Many companies have had great success employing recurring revenue business models. And we’ve become accustomed to using so many things this way – from streaming entertainment to beauty products and recipe boxes. And cloud computing has made the subscription model especially prevalent in the software sector, resulting in an expanding SaaS market
Recurring revenue means an ongoing agreement with the customer, which benefits the business, giving it predictable revenues, higher customer lifetime values and stronger relationships. But there are complexities too.
Here are some of the difficulties that come with a recurring revenue business model and how you can manage them with ease with an ERP system like NetSuite.
When a customer signs up with to buy your service, there are various actions that need to follow on from that. You need to process the payment, send an invoice and/or receipt, set up the contract dates, and schedule any other communications. An automated system takes the hassle out of all of this. The details of the product and the workflows that a sale triggers only needs to be entered once, then all the automated actions flow on from there. The product can be delivered quickly accurately, payment is processed and the customer lifecycle begins.
NetSuite’s SuiteBilling module makes it simple to manage more than one sales model at a time. It can handle recurring revenue for some of your products and one-off sales for others, for example. Plus, it can handle multiple pricing models and payments – with flat pricing, volume pricing, variable per unit pricing, payment in advance or arrears, models that have initial set-up fees and then ongoing license fees, monthly/quarterly/half-yearly/yearly payments, and different lengths of subscription term.
Renewals can be automated too, easing the process for your customers, while also preventing costly revenue leakage.
Accounting for the revenue you receive via subscription methods can be complex. You’re not receiving a single payment for a product, so the way you account for it is different.
For example, if your annual subscription of £100 is paid by a particular customer who signs up with you on 26th June, then you can’t allocate the entire amount to June in case the customer is due a refund or reimbursement. So, you need to account for deferred and earned revenue – at different times during the subscription period. Manually handling takes a lot of time-consuming effort, especially as you grow and add hundreds or thousands of customers.
Your billing, revenue reporting and revenue recognition can all be automated, though. Netsuite automatically allocates revenue, in compliance with ASC 6060 standards that are set out by the Financial Accounting Standards Board and the International Accounting Standards Board.
To maximise a subscription model of selling requires that keep abreast of your performance. You need to track a range of KPIs so that you can see how you are faring.
Some metrics specific to recurring revenue that you might want to track include:
- customer acquisition rates
- customer acquisition costs (CAC)
- churn rates
- monthly recurring revenue (MRR)
- annual recurring revenue (ARR)
- lifetime value (LTV)
- LTV to CAC ratio
- payback period
- conversion rates – from a trial to paid, or from freemium to a premier plan, etc.
- average revenue per customer
It’s best to use an ERP with comprehensive reporting and analytics, where KPIs are presented on a customisable dashboard so that you can always see, at a glance, how you’re performing.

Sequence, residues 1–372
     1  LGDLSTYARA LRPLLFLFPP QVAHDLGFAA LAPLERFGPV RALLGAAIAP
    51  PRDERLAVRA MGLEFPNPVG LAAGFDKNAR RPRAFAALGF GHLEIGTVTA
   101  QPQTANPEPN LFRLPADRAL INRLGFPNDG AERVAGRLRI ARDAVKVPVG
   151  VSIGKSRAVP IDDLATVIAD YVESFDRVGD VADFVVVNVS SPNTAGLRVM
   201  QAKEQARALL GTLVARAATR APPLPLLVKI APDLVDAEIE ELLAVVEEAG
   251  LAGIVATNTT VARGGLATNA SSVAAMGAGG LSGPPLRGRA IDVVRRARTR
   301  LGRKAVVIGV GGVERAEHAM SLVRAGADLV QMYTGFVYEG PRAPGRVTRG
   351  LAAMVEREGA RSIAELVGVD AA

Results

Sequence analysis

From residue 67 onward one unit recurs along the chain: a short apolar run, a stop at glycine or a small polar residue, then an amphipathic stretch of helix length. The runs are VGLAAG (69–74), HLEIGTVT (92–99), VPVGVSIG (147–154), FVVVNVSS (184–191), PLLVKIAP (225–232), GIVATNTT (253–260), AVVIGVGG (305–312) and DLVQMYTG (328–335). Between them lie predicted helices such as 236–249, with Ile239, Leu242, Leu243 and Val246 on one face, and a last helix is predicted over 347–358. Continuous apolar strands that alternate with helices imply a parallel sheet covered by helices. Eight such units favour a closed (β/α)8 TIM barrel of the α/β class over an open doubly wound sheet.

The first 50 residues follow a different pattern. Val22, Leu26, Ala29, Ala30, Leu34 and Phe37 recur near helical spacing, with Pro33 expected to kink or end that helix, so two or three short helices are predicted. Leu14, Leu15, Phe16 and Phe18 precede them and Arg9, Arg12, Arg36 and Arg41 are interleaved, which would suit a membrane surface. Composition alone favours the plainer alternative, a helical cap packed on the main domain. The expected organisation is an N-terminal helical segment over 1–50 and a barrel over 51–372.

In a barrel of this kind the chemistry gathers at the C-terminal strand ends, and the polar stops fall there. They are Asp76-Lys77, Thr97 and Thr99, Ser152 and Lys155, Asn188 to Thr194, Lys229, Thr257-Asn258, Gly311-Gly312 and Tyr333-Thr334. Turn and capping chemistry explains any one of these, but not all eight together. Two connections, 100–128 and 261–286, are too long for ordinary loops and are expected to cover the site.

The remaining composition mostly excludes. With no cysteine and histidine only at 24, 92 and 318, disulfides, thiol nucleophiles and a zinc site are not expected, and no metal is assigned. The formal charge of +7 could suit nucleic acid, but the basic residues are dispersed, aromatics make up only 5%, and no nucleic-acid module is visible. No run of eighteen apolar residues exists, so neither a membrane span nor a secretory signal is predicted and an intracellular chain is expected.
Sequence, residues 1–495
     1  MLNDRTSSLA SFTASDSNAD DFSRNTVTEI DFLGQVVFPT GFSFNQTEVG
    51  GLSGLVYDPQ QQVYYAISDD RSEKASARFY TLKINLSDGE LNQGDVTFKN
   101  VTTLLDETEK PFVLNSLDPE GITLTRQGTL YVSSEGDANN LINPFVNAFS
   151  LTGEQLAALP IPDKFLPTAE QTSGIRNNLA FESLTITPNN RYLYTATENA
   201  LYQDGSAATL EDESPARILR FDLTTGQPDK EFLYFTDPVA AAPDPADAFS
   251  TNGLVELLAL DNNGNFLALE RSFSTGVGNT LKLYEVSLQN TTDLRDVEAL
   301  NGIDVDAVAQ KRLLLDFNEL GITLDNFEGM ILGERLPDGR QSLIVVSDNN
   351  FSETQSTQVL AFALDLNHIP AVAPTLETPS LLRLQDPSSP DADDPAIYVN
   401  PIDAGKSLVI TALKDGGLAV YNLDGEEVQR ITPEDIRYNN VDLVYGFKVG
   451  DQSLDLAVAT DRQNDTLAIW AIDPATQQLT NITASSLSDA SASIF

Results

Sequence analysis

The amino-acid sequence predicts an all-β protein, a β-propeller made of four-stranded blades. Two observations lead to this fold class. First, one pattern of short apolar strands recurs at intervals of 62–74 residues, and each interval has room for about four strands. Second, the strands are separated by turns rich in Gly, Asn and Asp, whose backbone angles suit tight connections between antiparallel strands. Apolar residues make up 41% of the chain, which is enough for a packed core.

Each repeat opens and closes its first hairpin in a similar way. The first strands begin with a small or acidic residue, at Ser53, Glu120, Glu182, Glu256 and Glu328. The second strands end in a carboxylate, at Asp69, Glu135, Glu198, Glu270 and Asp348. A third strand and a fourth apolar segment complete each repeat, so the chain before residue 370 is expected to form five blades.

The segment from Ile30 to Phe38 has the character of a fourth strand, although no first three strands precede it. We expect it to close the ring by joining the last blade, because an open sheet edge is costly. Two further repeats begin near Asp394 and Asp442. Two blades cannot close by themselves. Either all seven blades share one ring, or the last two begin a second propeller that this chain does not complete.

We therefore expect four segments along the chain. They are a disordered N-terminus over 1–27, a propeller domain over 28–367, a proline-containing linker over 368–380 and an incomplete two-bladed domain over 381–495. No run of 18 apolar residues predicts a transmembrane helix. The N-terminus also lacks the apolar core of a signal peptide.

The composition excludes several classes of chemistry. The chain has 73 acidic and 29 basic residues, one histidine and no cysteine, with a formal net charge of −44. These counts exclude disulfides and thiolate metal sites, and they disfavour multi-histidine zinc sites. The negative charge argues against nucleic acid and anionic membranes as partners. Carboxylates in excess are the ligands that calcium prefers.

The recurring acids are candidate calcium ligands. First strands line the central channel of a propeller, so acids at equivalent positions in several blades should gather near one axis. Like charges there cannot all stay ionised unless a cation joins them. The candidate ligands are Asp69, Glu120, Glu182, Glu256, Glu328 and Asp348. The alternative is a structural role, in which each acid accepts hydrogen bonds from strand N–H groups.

One of the biggest difficulties with a recurring revenue sales model is managing non-paying customers. Whether they haven’t paid deliberately or have had a credit card lapse, you still need to follow it up. The dunning process can all be automated within an ERP, helping to reduce your churn rates and saving you time and money.
Automated processes allow you to effortlessly send customer notifications about outstanding balances or rejected payment methods, as well as manage any late fees you impose or suspend accounts if they fail to pay within a certain timeframe.
Using subscription models is a great way of extending your relationship with your customer. But the relationship needs to be managed well. And it’s not just the financials you need to take care of.
Satisfied customers stick around. Keeping them happy depends on several aspects – the level of service they receive, how they perceive you, what they’re paying, the ease of self-service admin, and more. If you’re not delivering value with your offering, customers will cancel and go elsewhere.
You should nurture your relationships through communication, using CRM software. Where this is connected to or part of your ERP, you get an integrated view of your customer – from all the financial and account information through to how they have interacted with your marketing campaigns.
Upselling and Cross-Selling
Launching new products or services that you can upsell or cross-sell to your customers takes a lot of administrative effort. But with an ERP system, the billing is easily taken care of. You can quickly and easily add new products and pricing structures within the system, as well as one-off changes or promotions. Plus, you can add new pricing structures for some customers, retaining grandfathered pricing models for others.
Most subscription businesses can easily operate across borders. There’s no need for import/export processes and no shipping delays. So, these companies can count on global expansion.
But this brings its own challenges: dealing with multiple languages, supporting varying payment methods, using multiple currencies, conforming to privacy laws, and dealing with different accounting standards, regulations and taxation systems.
With an ERP all of this is simple. Localisation functionality automatically performs financial and payment processes according to local constraints, ensuring you remain compliant with regional requirements.